With an emphasis on cutting-edge technology and community activism, historically black colleges and universities (HBCUs) can lead the way for American higher education institutions providing a sustainable, Earth-friendly education for their students. Relying mainly on grassroots support and crowdfunding for resources, the HBCU Green Fund will finance campus projects that cut energy and water usage—and thus, energy costs–on HBCU campuses. The Fund will, in turn, reinvest the savings it gains back into its sustainability program to finance additional projects. Our three-pronged approach will help sustain the HBCU legacy for generations to come.

  1. Growing the Green Fund
  • The HBCU Green Fund is launching a nationwide fundraising campaign. The goal is to raise $1 million to finance upgrades on HBCUs all across the country.
  • We’re drawing expertise from Green Revolving Loan Fund (GRF) models to serve black colleges.
  • We’re reaching out to HBCU supporters, alumni and students to donate at least $10.00 to the HBCU Green Fund on an annual basis.
  • Grassroots support should, in turn, pique the interest and inspire support from well-heeled institutions, private companies, foundations, and university endowments.
  1. Finding Projects that Pay

The HBCU Green Fund will look for projects that will reduce energy, cut down on water usage, and minimize the carbon footprint of historically black colleges and universities. With older buildings and millions in deferred maintenance there are lots of excellent cost-saving opportunities. The Fund will evaluate how much each project will improve the sustainability of the campus and save for reinvestment.

To be eligible for consideration, a project must show that it can generate utility savings of 20 percent or more. Independent engineering consultants will review each application for its cost, its savings, its impact on the environment and the time frame needed to pay back any loans incurred.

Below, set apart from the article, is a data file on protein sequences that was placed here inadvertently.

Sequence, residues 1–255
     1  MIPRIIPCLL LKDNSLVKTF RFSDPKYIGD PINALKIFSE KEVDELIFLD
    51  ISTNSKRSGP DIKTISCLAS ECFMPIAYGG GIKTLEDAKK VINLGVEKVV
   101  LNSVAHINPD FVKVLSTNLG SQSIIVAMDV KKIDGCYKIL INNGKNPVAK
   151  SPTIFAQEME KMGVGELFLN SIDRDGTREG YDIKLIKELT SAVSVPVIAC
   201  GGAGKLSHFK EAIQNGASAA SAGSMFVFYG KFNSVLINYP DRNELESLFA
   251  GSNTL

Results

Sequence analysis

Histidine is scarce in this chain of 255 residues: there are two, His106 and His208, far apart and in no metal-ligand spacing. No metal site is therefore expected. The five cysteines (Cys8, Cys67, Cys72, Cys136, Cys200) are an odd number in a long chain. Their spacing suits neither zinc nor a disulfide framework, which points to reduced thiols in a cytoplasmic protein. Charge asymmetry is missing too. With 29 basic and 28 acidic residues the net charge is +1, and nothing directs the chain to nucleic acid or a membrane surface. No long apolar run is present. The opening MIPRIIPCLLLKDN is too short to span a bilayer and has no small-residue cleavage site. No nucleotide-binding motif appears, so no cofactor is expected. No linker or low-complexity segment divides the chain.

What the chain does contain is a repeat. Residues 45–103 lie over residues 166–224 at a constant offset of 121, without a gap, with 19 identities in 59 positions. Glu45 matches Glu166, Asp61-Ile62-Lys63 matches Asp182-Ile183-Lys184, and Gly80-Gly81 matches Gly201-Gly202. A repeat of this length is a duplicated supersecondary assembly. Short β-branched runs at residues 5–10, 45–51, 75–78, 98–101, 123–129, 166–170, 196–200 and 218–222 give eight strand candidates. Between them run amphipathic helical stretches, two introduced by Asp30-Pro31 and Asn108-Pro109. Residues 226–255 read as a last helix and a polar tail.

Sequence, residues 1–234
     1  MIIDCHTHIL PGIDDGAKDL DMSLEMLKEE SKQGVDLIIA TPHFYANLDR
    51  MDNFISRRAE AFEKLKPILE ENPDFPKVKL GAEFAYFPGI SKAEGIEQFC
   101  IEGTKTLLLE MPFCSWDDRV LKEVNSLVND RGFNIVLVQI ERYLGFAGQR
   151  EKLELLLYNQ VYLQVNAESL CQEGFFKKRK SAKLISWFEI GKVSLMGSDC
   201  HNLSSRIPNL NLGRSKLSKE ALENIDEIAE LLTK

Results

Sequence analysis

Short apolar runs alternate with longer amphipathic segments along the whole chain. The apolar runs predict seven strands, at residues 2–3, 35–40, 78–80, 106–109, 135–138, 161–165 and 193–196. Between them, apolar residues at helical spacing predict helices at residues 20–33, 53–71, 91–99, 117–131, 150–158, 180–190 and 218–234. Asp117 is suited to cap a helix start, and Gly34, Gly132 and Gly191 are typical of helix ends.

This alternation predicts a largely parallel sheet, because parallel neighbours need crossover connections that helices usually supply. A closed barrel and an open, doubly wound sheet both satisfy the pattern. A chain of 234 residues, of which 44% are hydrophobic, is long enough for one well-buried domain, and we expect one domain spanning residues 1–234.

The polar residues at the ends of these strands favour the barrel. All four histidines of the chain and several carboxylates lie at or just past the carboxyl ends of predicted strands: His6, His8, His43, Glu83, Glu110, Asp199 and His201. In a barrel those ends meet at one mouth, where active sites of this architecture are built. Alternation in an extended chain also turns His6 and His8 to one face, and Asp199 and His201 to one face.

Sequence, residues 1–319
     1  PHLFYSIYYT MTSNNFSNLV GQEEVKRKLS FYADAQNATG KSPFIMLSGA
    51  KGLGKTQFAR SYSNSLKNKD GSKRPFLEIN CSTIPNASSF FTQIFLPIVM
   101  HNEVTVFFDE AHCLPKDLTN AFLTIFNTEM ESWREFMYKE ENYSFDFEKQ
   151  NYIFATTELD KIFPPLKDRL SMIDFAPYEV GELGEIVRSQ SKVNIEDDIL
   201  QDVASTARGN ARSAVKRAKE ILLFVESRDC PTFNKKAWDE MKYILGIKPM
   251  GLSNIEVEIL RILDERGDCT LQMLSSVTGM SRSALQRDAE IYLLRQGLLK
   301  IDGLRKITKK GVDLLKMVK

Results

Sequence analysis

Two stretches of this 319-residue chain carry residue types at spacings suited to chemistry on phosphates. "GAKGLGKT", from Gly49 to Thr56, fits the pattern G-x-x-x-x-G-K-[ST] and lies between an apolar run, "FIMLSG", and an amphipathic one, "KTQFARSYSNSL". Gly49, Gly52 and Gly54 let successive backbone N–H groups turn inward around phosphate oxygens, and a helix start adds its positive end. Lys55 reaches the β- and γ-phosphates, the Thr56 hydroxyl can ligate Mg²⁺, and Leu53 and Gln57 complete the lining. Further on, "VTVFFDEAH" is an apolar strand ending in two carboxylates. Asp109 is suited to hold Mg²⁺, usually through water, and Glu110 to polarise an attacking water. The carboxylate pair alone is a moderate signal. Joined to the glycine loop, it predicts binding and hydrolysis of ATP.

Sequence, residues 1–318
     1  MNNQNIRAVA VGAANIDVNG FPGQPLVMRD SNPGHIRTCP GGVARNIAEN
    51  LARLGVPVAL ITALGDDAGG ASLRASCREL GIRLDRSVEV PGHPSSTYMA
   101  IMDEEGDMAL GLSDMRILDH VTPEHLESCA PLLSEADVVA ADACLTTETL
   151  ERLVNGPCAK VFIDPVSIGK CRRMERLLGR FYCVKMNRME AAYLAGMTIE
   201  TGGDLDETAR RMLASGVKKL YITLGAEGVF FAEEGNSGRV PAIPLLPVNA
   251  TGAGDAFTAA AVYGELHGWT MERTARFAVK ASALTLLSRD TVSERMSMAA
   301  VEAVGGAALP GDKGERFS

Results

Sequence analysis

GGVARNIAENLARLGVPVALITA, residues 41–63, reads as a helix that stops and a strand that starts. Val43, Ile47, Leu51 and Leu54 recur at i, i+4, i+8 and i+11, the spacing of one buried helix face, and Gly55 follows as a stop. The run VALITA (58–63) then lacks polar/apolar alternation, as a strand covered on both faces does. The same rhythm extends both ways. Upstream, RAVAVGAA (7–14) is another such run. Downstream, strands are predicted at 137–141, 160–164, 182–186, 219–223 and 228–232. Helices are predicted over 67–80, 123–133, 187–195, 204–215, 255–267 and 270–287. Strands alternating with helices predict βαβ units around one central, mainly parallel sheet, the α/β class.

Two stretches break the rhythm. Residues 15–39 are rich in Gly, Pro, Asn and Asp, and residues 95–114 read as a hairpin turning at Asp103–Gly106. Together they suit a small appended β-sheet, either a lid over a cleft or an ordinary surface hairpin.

1. Students Lead Campus Sustainability

Perhaps the most important part of the HBCU Green Fund’s mission is to engage students. As sustainability projects on campus go forward, the HCBU Sustainability Fellows Training Program will give eager students the knowledge, support, incentives, and technical ability to find, promote, and support green initiatives on their campus. To help students promote the program, the HBCU Green Fund will provide a promotional toolkit that contains materials, signs, inflatable props, and other marketing tools.

Sustainability Fellows will work with their peers and campus leadership to reinforce the need to take an active part in green initiatives to ensure that their institution continues to provide a quality education for generations to come.


Thomas W. Cole Research Center Rm 1026
223 James P Brawley Dr., SW
Atlanta, GA 30314




D.C. Council gives final approval to tight limits on Airbnb and other home-sharing companies

Author: Robert McCartney Peter Jamison  November 13, 2018 Washington Post

Washington, D.C.The D.C. Council voted unanimously Tuesday to impose some of the tightest limits in the nation on Airbnb and other short-term rental companies.

If signed by Mayor Muriel E. Bowser (D), the measure would prevent D.C. property owners from renting out second homes on a short-term basis and bar them from renting spare rooms or basements in their primary residences for more than 90 days per year when the host is away.